A departure from conventional wisdom in loudspeaker design allowed MIT researchers to build paper-thin ones that can be mounted on walls, car interiors and IoT devices.
A research team from MIT has come up with a thin-film loudspeaker that can be mounted on any reasonably flat surface and turn it into an audio source. Consisting of a piezoelectric material sandwiched in between plastic and embossed with an array of microdomes, the device emits high-quality sound while using a fraction of the energy that a traditional sound system would use, the researchers claim. As a bonus, the ‘wallpaper loudspeaker’ can be manufactured with a roll-to-roll process.
“It feels remarkable to take what looks like a slender sheet of paper, attach two clips to it, plug it into the headphone port of your computer and start hearing sounds emanating from it. It can be used anywhere. One just needs a smidgeon of electrical power to run it,” says Vladimir Bulović, leader of the Organic and Nanostructured Electronics Laboratory and senior author of the paper detailing the loudspeaker, published in IEEE Transactions on Industrial Electronics.
The researchers envision using their invention to provide an immersive sound experience, for example in a movie theater or a theme park ride. Another intriguing option would be active noise cancellation in planes, cars or even homes. Given its lightweight and low-cost nature and minimal power requirements, the thin-film loudspeaker could also add sound-producing capabilities to IoT devices. The domes could even generate ultrasound waves for imaging purposes.
The basic design of the loudspeakers found in headphones and audio systems hasn’t changed in 150 years: current is passed through a coil, generating a magnetic field that sets a membrane in motion, moving the air above it. This principle allows for thin designs, but these speakers invariably need to be freestanding, because the membrane needs room to vibrate.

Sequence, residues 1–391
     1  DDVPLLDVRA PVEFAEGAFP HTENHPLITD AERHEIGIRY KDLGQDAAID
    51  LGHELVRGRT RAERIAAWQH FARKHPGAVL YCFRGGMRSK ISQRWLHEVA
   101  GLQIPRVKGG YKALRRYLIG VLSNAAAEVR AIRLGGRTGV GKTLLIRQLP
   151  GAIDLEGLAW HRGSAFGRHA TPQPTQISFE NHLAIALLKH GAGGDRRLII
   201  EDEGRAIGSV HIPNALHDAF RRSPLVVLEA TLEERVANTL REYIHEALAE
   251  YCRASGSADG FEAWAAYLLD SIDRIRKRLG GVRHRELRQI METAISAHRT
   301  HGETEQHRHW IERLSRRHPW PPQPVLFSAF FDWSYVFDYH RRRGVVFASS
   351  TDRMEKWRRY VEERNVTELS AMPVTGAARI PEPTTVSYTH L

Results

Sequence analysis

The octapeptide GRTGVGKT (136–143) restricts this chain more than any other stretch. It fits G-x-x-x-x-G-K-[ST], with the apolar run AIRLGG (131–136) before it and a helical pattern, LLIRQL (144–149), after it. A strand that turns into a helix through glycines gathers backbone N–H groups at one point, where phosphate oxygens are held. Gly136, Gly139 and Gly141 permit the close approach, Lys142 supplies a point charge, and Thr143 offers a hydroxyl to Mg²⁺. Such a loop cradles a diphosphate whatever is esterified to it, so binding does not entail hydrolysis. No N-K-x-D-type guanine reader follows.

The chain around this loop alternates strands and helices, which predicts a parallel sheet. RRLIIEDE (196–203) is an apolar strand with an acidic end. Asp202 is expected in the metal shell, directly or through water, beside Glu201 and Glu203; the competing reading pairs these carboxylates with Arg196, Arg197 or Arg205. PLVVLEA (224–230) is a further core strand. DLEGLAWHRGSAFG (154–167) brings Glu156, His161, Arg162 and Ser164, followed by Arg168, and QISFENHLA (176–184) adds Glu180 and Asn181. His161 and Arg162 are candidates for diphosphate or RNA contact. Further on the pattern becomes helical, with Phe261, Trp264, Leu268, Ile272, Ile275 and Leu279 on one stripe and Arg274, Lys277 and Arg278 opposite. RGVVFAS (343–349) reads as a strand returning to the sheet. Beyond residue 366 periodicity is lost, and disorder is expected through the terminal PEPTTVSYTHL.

MIT circumvented this issue by having the microdomes do the vibrating, rather than the entire material. The domes, 15 microns in height, are created by laminating a perforated sheet of PET plastic with an 8-micron layer of piezoelectric polyvinylidene fluoride (PVDF) and subjecting the stack to a vacuum and heat. This causes the PVDF to protrude through the holes in the PET. A couple of extra PET layers are added on each side – on the bottom to separate the domes from the bonding surface and on the top to protect them from abrasion damage.
“This is a very simple, straightforward process. It would allow us to produce these loudspeakers in a high-throughput fashion if we integrate it with a roll-to-roll process in the future,” says Jinchi Han, a postdoc in Bulović’s lab and first author of the paper.
The researchers tested their thin-film loudspeaker by mounting it to a wall 30 centimeters from a microphone to measure the sound pressure level. Passing 25 volts at 1 kilohertz through the device produced a 66-decibel sound, which is about as loud as a normal conversation. At 10 kilohertz, the sound pressure increased to 86 decibels, about the same volume level as city traffic. The loudspeaker requires 100 milliwatts of power per square meter, while an average home speaker requires over 1 watt to produce similar sound pressure.
Main picture credit: Felice Frankel